Soon after the little settlements at Menominee and Cedar River had taken root a few people began to make homes for themselves along the bay shore where they could travel by boat in summer and over the ice in winter. With no roads and only a trail near the shore there was no move to settle far inland until somewhat later.
All of the bay shore was a part of Cedarville Township as mapped in 1863 when the county was organized; but in 1867 the plan was made to split the county lengthwise into three townships ~ Menominee, Ingallston, and Cedarville ~ instead of the two parts Menominee and Cedarville. There were, however, so very few people in the neighborhood of Ingallston that about six years passed before it organized and elected officers.
Because the first mill was set up by the Ingalls Brothers their name was given to the little settlement that resulted and to the township.
Settlement Near the Bay Shore
As early as 1858 Mathias Bailey came across Green Bar from Egg Harbor in Door County, Wisconsin and began fishing operations in the locality marked by projections of red rock and named Rochereaux Point. When the Civil War broke out he enlisted as a soldier and after receiving his discharge returned to Egg Harbor where he married. Before long he was again fishing in Michigan waters and moved his family to the vicinity of Arthur Bay as it is now called. One of his sons, Charles Bailey, still resides here and for many years carried the mail from Menominee to the post-offices along the shore. A few other fishermen also worked along the Green Bay shore in early days.
The Ingalls Mill on the Bay Shore
The Ingallston mill in the the township of Ingallston was built in the fall of 1866 by Charles B. Ingalls and Judge E.S. Ingalls. Judge Ingalls bargained his interest in it to Charles Ingalls during the winter of 1867-68. Charles operated it for a season then bargained it to Barnard & Wyley, who failed to keep their bargain. Afterwards, it was run by Carter & Jones, then finally Jesse L. Hamilton who was operating it on a contract with C.B. Ingalls when it was burned in the spring of 1874.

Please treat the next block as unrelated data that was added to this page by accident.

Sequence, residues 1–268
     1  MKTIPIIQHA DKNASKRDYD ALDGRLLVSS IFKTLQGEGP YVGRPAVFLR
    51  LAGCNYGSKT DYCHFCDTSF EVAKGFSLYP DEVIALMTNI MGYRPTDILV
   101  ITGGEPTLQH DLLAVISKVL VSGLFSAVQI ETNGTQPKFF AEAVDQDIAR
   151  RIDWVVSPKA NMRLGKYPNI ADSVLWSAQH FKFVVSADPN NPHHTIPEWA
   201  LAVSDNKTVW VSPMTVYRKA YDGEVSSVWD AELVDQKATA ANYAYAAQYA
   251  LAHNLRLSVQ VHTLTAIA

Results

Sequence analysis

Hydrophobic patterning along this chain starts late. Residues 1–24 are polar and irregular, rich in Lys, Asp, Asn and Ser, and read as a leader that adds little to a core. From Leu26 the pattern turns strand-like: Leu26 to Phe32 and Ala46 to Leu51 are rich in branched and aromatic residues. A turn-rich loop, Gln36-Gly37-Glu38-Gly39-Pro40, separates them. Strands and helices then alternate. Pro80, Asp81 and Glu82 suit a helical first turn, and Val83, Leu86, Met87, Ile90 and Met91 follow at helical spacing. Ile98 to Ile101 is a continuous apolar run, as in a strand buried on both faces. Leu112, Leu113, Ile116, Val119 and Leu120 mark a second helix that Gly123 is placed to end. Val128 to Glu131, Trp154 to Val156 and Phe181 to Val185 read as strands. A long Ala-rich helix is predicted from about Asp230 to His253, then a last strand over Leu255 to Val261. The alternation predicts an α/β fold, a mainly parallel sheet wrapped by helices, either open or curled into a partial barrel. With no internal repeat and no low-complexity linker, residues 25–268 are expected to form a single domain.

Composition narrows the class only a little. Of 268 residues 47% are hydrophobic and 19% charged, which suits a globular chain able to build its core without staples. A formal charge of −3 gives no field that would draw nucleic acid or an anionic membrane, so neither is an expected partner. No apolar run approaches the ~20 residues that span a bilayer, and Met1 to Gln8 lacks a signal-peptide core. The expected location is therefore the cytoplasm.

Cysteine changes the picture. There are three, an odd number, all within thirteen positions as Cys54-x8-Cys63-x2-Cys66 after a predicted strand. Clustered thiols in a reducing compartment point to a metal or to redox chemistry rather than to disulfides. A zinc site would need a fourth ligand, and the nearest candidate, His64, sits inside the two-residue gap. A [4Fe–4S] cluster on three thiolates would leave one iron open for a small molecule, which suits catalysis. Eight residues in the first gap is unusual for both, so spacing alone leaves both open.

The Mellen Smith Mill
Mellen Smith built a shingle mill on the bay shore in the fall of 1872. It was in Ingallston about three-fourths of a mile from the Ingallston mill. It was soon moved back from the shore.
One of the pioneers who came to the shore in 1867 was Robert Beattie, a fisherman. His name was given to Beattie Creek. His brother, Hugh, joined him two years later. Two others pioneers who settled in the Ingallston neighborhood about the same time as Robert Beattie were Owen Gartland and Louis Grabowsky.
Owen Gartland was a cooper and made kegs for the fishermen who carried on their fishing operations offshore. Other early fishermen were Charles and Edwin Quimby and John Nelson. For a time, Mr. & Mrs. Edwin Quimby managed the large boarding house erected by the Ingalls Brothers to accommodate mill workers.
It took only a few years before the logging industry superseded everything else. A booming little town, Arthur Bay (or Leathemville, as it was called) handled supplies for many of the camps. In a few years though, the boom flattened out and Arthur Bay settled back down to the quieter life of fishing and farming.